Probate glossary

Administrator ad litem: a person appointed on a temporary basis and usually with specific (rather than general) authority to act where a permanent personal representative has not yet been appointed, e.g., where waste is occurring to estate assets, where an appointed personal representative is not functioning or where a conflict of interest exists as to the permanent personal representative, e.g., where the personal representative files a claim against the estate.

Beneficiary:  A person who inherits when there is a will.

Conservator: a person appointed by a judge to protect and manage the financial affairs of another due to physical or mental limitations or old age.

Decedent: The person who died.

Distributee: person or entity to receive a distribution through probate.

Executor: A person named in a will and appointed by the court to carry out the decedent’s wishes. This person is usually named as the seller of the real property.

Fiduciary: a person who holds a legal or ethical relationship of trust with one or more other parties (person or group of persons). Typically, a fiduciary prudently takes care of money or other assets for another person.

Guardian: a protector appointed by a judge to protect and manage the "person," when he/she takes charge of overseeing the daily activities, such as health care or living arrangements.

Heir: A person who inherits real or personal property when there is no will, i.e. intestate.

Intestate: When someone dies without leaving a will. When there is no will, the sale of the decedent’s real property often requires court confirmation.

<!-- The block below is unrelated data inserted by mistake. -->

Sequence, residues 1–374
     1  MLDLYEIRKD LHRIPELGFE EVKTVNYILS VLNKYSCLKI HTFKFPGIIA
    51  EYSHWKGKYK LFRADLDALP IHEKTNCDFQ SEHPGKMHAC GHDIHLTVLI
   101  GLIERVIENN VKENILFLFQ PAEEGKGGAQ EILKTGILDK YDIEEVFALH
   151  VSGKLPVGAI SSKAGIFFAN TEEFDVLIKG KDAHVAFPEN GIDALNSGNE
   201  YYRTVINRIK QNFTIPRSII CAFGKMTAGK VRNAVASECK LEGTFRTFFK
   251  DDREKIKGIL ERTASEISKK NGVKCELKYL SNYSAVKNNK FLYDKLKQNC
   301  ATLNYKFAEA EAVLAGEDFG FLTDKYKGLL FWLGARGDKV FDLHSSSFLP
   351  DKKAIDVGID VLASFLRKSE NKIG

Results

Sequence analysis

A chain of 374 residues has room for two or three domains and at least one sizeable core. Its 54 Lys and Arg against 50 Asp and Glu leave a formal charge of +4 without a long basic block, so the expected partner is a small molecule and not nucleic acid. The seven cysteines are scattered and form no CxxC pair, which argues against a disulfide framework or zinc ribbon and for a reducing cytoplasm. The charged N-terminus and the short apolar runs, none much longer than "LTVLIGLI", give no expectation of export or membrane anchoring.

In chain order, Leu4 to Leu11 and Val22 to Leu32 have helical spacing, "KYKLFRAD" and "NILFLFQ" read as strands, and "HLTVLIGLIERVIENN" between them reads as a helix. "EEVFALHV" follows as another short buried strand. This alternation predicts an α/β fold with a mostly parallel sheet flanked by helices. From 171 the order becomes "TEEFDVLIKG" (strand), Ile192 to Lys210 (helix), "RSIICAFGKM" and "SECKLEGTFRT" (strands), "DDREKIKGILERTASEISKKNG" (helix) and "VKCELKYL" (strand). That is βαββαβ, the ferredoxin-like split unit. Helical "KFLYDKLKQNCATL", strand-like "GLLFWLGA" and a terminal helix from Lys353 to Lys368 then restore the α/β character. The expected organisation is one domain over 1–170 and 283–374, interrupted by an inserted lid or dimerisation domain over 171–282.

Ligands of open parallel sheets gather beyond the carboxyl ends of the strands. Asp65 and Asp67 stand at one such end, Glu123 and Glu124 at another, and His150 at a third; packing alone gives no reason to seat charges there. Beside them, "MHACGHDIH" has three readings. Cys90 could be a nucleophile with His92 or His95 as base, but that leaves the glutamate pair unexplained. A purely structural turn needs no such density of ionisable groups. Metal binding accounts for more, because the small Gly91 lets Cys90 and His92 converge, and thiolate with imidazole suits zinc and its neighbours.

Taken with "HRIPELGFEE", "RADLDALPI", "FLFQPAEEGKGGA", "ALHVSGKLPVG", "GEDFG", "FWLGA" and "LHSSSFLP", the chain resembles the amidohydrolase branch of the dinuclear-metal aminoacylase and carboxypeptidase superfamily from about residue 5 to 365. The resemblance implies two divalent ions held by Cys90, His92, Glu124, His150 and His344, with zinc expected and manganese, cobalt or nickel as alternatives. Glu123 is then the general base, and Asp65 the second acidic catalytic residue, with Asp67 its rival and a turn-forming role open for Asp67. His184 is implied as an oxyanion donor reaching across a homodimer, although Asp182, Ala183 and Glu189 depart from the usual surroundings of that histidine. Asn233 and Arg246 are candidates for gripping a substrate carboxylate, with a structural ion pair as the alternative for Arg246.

Intestate succession: The order of who inherits the property when the decedent does not have a will.  This is determined by state law.

Legatees, or Devisees: People who are named in a will.

Letters of Administration: a document from the probate court appointing the personal representative of an intestate’s estate (i.e., no will).

Letters Testamentary:  a document from the court appointing the personal representative of a testate’s estate (i.e., with a will).

Personal Representative: a person appointed by the court to be in charge of a decedent’s probate estate.  Also called an executor or administrator.

Probate: a court-supervised process of transferring legal title from a person who has died (the “decedent”) to the person’s distributes.

Probate real estate sale:  The transfer of legal title (ownership) of real property from the estate of the person who has died to his or her beneficiaries or to a buyer under the supervision of the court.

Real Property: The term used to refer to real estate (land and buildings) in probate and trust sales.

Testate: When someone dies leaving a will.

Trust: When a person (trustee) holds property at another person’s (Settlor’s) requests for the benefit of someone else (Beneficiary).

Waiver: a written statement evidencing a person's intent to relinquish a known legal right or permit a requirement to be avoided. The waiver must evidence full disclosure of applicable facts and state with clarity the right or requirement waived.

Will: A legal document that lists a person’s wishes about what will happen to his/her personal and real property after death.

 

The following are steps in probate administration:

  • Hire an attorney to represent you.
  • Apply for Letters Testamentary if there is a will admitted (or apply for Letters of Administration without a will).
  • Publish notice to creditors. In Missouri, the date of first publication starts a six-month period for claimants to submit their claims to the court and the personal representative.
  • Inventory and appraise assets.
  • Administer the estate and sell property if funds are needed to pay bills.
  • Pay debts, claims, taxes, and expenses.
  • Prepare a settlement showing income and disbursements.
  • Obtain court approval for distribution and close estate.

 

Establishing Title to Real Estate